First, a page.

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Home > Business > PTI > Report


IOC remains the only Indian firm in Fortune 500 list

July 07, 2003 13:37 IST

The Indian Oil Corporation remains the only Indian firm in the Fortune 500 list of global majors and has improved its rank to 191 this year, from 226 the previous year.

The state-run refiner, with revenues of $22,506.2 million, is ranked ahead of Malaysian Petronas (ranked 204), Korean LG International (205) and China Mobile Communications (230), the Fortune magazine announced on Monday.

For the second year running, Wal-Mart, the Arkansas-based retailer, tops the Fortune Global 500.

General Motors (United States) is at No. 2, Exxon Mobile (US) No. 3, Royal Dutch/Shell Group (Netherlands/Britain) No. 4, BP (Britain) No. 5, Ford Motor (US) No. 6, DaimlerChrysler (Germany) No. 7, Toyota Motors (Japan) No. 8, General Electric (US) No. 9 and Mitsubishi No. 10.

The complete list appears in the July 21 issue of Fortune, available on newsstands on July 14, the magazine said in a statement.

This year, 116 Asian companies were ranked in the Global 500, with Japan (88 companies), South Korea (13) and China (11) leading the region.

"Asian companies ranked in the Global 500 for the first time include China Life Insurance (No. 290), Kookmin Bank (330), Seiko Epson (463) and Kawasaki Heavy Industries (500)," Fortune said.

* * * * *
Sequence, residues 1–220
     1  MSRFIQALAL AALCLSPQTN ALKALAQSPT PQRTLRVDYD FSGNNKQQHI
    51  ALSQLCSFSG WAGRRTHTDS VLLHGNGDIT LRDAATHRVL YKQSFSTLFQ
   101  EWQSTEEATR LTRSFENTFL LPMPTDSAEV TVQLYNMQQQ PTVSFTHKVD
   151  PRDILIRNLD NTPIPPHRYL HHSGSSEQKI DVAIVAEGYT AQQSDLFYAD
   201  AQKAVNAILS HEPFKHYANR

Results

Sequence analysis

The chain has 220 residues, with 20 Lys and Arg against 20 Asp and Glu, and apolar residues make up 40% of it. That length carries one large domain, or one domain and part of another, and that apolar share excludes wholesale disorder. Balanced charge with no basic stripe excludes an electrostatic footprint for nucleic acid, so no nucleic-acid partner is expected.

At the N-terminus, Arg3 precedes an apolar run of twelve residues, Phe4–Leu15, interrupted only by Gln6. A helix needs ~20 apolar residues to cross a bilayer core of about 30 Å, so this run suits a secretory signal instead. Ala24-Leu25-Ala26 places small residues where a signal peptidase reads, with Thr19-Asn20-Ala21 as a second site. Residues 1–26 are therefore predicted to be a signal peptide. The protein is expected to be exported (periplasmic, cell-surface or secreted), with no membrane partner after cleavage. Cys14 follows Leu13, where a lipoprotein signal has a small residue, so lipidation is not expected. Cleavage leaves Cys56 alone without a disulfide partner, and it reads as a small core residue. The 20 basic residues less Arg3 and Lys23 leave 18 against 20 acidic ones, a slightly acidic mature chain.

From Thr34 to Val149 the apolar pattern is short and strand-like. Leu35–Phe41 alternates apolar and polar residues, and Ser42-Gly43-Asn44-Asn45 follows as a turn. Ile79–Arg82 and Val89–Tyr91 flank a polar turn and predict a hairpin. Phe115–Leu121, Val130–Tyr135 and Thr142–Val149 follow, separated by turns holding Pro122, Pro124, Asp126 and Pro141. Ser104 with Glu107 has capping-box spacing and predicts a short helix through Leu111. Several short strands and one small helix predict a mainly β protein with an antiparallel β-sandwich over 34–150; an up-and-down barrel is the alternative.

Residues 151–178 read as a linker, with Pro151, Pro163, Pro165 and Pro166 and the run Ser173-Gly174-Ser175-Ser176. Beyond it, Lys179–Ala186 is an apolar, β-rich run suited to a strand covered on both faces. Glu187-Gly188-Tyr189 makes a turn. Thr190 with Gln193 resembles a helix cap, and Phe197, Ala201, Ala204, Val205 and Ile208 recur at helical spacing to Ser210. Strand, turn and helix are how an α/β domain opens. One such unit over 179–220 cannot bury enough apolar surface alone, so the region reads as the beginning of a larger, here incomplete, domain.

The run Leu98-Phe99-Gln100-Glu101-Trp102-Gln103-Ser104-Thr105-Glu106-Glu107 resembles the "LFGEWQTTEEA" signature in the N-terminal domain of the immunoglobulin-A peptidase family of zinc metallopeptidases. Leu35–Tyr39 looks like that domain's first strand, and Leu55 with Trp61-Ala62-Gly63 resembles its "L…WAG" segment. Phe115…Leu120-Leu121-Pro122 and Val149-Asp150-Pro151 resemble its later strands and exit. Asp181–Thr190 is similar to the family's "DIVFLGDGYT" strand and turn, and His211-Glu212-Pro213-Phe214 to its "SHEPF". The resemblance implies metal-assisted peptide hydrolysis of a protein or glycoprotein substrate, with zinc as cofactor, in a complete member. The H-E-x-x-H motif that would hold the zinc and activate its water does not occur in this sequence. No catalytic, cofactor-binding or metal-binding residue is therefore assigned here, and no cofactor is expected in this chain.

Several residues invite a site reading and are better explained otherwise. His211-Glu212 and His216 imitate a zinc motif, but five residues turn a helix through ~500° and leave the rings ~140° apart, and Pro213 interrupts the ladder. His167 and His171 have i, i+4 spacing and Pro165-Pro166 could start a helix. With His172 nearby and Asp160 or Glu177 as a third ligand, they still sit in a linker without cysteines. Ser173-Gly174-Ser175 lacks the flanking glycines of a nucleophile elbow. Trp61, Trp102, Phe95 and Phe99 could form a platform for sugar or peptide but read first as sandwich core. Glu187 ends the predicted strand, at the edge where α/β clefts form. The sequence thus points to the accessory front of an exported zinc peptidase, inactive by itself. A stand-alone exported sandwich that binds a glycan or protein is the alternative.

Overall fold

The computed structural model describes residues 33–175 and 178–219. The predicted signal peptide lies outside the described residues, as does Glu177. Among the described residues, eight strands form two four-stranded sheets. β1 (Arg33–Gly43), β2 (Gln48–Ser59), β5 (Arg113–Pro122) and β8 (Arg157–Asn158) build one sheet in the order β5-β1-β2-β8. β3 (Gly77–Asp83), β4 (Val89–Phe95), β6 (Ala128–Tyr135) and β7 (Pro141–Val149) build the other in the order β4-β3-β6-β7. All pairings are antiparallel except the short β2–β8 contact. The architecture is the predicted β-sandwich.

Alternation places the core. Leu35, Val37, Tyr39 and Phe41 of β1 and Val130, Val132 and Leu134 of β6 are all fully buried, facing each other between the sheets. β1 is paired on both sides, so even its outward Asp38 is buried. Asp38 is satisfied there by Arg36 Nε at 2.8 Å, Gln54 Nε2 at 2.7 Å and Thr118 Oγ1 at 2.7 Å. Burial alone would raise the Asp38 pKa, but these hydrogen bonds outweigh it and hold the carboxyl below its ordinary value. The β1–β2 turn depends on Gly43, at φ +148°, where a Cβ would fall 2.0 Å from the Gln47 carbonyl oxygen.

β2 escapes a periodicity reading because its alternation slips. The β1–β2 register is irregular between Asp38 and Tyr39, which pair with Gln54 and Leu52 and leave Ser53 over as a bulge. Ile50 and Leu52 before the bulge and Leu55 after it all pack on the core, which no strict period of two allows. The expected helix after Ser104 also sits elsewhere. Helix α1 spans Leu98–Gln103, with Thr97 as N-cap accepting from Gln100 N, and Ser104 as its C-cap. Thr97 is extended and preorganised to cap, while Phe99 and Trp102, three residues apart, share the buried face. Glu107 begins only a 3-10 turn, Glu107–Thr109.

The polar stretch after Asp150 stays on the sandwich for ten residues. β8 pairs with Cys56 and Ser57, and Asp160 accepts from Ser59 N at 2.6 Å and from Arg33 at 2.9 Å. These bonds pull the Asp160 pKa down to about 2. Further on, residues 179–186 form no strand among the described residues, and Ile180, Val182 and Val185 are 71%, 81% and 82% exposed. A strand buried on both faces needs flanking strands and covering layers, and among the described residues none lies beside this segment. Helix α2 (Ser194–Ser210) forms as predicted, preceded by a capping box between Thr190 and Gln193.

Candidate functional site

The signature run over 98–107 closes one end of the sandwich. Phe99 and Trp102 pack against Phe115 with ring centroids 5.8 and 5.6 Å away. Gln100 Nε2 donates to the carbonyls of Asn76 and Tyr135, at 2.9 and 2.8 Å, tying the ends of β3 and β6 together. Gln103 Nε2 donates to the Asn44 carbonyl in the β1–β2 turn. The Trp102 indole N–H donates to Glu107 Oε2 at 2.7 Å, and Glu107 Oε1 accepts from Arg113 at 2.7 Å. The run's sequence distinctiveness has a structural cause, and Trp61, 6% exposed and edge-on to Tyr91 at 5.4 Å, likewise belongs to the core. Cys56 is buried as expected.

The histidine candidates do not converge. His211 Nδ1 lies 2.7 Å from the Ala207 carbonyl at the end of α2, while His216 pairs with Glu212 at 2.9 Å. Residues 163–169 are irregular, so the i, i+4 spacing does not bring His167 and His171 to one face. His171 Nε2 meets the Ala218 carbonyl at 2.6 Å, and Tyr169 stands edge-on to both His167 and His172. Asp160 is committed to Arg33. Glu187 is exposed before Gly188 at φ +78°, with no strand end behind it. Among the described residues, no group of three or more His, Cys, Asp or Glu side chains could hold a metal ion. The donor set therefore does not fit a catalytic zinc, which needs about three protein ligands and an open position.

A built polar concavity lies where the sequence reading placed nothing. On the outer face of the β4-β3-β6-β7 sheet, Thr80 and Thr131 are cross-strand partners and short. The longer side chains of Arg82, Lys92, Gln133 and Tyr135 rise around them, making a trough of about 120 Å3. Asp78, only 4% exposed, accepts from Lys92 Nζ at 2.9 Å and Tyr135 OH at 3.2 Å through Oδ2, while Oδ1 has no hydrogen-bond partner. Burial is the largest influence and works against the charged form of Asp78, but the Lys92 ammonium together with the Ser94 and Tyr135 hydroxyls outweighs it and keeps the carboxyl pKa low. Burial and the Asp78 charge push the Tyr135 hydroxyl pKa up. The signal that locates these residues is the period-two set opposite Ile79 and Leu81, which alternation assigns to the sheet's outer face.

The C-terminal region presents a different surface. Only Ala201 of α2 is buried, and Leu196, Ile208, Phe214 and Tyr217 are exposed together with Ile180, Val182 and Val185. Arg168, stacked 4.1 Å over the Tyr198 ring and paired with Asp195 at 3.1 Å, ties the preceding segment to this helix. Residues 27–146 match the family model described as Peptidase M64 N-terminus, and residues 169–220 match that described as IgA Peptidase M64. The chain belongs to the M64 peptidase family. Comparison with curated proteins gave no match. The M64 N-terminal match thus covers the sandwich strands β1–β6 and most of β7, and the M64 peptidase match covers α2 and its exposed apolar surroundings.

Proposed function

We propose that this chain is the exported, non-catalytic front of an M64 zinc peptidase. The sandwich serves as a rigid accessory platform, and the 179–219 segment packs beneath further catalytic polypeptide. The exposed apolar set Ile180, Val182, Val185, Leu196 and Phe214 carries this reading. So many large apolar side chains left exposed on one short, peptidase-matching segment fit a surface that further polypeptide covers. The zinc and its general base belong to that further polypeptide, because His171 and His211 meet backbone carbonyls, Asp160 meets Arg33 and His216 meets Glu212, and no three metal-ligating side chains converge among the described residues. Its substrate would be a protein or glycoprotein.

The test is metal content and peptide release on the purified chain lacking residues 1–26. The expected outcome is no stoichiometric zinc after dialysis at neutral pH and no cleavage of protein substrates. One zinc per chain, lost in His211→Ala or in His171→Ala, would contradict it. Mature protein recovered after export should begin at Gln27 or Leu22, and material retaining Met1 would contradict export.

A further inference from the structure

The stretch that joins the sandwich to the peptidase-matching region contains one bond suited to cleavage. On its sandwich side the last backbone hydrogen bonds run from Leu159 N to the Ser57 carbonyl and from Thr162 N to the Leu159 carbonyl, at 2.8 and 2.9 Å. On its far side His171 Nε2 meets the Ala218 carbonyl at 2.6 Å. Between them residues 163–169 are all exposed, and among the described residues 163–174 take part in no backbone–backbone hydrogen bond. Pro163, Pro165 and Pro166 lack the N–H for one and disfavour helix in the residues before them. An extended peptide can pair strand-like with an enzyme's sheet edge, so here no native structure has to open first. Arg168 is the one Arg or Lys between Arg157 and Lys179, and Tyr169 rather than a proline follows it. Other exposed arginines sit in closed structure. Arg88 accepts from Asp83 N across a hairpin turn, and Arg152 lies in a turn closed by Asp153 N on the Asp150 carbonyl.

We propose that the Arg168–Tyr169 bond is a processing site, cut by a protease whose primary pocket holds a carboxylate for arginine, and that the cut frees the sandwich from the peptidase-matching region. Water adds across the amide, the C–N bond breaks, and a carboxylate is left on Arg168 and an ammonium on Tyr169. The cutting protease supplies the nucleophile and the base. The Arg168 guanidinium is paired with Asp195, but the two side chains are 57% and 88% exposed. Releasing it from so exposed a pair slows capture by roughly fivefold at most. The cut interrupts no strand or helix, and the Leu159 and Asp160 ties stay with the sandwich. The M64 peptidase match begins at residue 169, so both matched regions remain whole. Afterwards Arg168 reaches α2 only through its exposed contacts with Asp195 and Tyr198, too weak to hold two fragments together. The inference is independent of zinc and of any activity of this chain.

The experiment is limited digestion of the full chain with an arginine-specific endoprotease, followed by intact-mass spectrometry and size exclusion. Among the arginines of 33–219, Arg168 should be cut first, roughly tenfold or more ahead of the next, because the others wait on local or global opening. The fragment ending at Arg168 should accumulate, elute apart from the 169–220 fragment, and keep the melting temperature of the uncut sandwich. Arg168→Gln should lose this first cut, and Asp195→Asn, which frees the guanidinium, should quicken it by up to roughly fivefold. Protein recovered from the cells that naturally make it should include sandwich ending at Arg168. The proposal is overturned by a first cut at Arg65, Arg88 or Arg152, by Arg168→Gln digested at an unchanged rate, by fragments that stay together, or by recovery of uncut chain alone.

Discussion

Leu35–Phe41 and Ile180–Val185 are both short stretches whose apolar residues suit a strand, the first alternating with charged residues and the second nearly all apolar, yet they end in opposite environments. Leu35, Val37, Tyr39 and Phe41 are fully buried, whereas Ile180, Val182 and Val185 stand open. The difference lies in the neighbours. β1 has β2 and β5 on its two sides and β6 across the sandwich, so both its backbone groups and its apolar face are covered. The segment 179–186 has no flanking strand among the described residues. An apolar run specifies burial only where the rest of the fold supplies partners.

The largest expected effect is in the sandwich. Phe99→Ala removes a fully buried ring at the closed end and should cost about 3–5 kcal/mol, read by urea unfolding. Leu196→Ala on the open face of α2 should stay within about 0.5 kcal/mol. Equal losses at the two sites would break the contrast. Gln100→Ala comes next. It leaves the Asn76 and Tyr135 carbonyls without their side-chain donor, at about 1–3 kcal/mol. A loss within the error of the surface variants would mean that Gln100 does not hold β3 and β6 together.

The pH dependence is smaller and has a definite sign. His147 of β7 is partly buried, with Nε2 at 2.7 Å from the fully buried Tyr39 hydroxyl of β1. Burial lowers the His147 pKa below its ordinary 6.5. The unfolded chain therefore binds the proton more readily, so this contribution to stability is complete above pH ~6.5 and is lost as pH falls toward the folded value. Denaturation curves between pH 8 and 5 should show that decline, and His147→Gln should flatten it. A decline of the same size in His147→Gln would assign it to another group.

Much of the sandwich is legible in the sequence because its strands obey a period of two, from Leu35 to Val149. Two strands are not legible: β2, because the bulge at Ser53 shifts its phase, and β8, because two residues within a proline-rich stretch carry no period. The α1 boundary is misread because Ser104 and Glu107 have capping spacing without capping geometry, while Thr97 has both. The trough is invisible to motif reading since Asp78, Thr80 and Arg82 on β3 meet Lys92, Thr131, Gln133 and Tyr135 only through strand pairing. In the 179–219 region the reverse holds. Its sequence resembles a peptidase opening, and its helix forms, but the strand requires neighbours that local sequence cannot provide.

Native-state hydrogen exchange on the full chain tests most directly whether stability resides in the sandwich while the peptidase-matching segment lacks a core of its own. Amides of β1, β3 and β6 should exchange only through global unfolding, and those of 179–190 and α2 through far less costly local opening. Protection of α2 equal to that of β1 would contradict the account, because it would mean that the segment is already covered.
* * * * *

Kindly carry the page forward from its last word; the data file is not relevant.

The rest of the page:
The IOC had reported a net profit of Rs 6,115 crore (Rs 61.15 billion) on a turnover of Rs 119,848 crore (Rs 1,198.48 billion) in 2002-03 (April to March).

"The global economy was a world of hurt in 2002, and the numbers in the Fortune Global 500 bear that out: revenues fell $281 billion, profits plunged 56 per cent, and the world's 500 largest companies employed 1.3 million fewer workers than in 2001," the magazine said in its introduction to the list.

Leading all the losers this year was AOL Time Warner (the parent company of Fortune's publisher), with a $98.7 billion-loss, an amount equal to the combined gross domestic product of Chile and Vietnam. That accounts for more than half the drop in profits from the previous year for the entire list.

"Excluding AOL, the Global 499 profits decreased by 2 per cent, better than last year's decline in profits, which was twice as large," it said.

Some of the not-so-bad news is coming out of Japan, where the 88 Japanese companies who made this year's list lost $2.3 billion in 2002, compared to $33.6 billion in 2001.

Other Asian countries experiencing a jump in profits include South Korea, where profits increased 29 per cent and China, where profits were up 10 per cent.

In Europe, Britain recorded a 50 per cent jump in profits.

Incidentally, the IOC more than doubled its net profit in 2002-03 from Rs 2,885 crore (Rs 28.85 billion) in the previous year.



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